The International Steam Pages

Make Mine a Robey, Please

Click here for a survey of Robey engines found in Burma.

Trying to get information about the individual stationary steam engines we have found as we travel has not been a bundle of fun. Members, particularly the officers of the International Stationary Steam Engine Society (ISSES) have been of considerable assistance technically, but historical data on builders is thin on the ground and delivery data patchy. Of the major builders, honourable exceptions have to be made for the Museum of English Rural Life (Marshall and Ransomes, Sims & Jefferies) and the Robey Trust. Marshalls are not too difficult to find in West Bengal, in fact it's impossible not to trip over them, RSJs may or may not be out there somewhere, but I have had persistent reports of sightings of Robeys without any hard recent information. Consequently, the slightest hint of one had to be followed up as soon as possible.

After we revisited the two Ruston compounds to record them working, we carried on down 'Rice Mill Row', I lost count but I think there must have been at least 80 in a 40km stretch of road. It was impossible to visit each one (at least half have no steam engines) and we relied on each steam mill to point us at the next one. Eventually we found another particularly knowledgeable Marshall owner and quizzed him about non-standard engines further out. "There's at least one Robey", he said and so off we headed down roads which the maps say are sealed but in fact are a sea of potholes. The appointed rice mill was found and yet another sceptical owner had to be persuaded to let us in and allow his workers a half hour holiday to watch us at work. Not too bad if you believe that happy workers perform better.

This engine (#38640/1919) was said to have a 13" main cylinder and although there was no mention of 'Robey' on it, then it was clearly of that ilk.


We did later find a second Robey some way distant, but unfortunately it was not in regular use. However, on Christmas Day we stumbled on yet another old Robey....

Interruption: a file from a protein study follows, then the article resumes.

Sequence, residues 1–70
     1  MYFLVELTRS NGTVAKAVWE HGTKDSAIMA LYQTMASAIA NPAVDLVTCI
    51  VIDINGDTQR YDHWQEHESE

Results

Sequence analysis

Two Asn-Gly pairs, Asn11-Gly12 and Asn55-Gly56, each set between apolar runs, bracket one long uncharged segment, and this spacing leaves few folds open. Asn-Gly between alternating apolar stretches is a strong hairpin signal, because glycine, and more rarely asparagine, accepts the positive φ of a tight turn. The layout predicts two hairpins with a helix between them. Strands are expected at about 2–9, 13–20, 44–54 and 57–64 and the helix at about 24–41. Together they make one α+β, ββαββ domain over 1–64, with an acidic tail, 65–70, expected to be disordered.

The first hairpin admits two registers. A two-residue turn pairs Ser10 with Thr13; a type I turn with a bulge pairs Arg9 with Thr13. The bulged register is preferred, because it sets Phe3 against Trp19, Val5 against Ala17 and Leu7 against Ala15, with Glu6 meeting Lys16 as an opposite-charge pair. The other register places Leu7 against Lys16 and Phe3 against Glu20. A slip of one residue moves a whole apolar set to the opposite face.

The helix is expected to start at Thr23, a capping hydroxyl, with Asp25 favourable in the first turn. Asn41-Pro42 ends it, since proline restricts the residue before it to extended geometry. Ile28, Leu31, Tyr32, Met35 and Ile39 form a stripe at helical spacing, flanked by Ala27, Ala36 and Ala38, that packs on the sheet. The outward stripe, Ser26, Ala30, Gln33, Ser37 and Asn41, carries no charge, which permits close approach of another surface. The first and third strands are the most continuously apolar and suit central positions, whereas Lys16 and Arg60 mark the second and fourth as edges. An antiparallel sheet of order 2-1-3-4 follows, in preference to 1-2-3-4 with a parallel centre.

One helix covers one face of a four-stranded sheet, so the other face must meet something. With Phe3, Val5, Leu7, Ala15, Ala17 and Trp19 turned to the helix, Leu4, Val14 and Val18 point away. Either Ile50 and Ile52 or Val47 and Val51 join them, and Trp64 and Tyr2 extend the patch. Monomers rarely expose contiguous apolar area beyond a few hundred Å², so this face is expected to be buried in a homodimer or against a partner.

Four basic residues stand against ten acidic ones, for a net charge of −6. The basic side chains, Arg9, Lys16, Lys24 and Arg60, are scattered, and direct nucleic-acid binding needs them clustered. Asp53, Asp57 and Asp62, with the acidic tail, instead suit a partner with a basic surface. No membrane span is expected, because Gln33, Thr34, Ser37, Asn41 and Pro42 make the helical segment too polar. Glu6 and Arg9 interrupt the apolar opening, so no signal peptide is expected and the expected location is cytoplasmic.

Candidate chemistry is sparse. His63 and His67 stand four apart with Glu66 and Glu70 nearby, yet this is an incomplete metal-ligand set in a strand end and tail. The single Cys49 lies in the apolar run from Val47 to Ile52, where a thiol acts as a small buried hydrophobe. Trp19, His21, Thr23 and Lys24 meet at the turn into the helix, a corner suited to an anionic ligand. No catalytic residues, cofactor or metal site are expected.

In my experience, a strong indicator of a Robey engine is the device to transfer the work of the eccentrics inwards (see also above):

But in this case, the valve chest cover carries confirmation. It reads "Balmer, Lawrie & Co., Calcutta, Sole Agents for Robey & Co. Ltd.". Cast above is a number '5732' which I had hoped might just not be a part number as found on many Robeys  (not elsewhere on this one though), but be the engine number. However, Dave Davies the Robey expert says it is a part number. 

This was not the end of the story as we found a fourth Robey engine later:

This was the fifth, the sixth was being installed for use in mid-2007:

Stationary Steam in India 2006 - introduction

A Reason to Return - a brand new steam powered rice mill in a green field site. 

Marshall Heaven - we always go the extra mile to bring you working stationary steam.

Just Another Marshall (Part 2) - too bad it wasn't working!

Just Another Marshall (Part 3) - drop valve action...

My Other Steam Engine is a Marshall too - if you're going to be different then don't do it by halves.

Many Happy Returns - unexpected returns to old gricing spots.

All I want for Christmas... - anything but another bloody Marshall.

The Loose Ends - the bits and pieces that ask as many question as they answer

Robert Clive's Sugar Mill - well, it's not quite that old.

Rob and Yuehong  Dickinson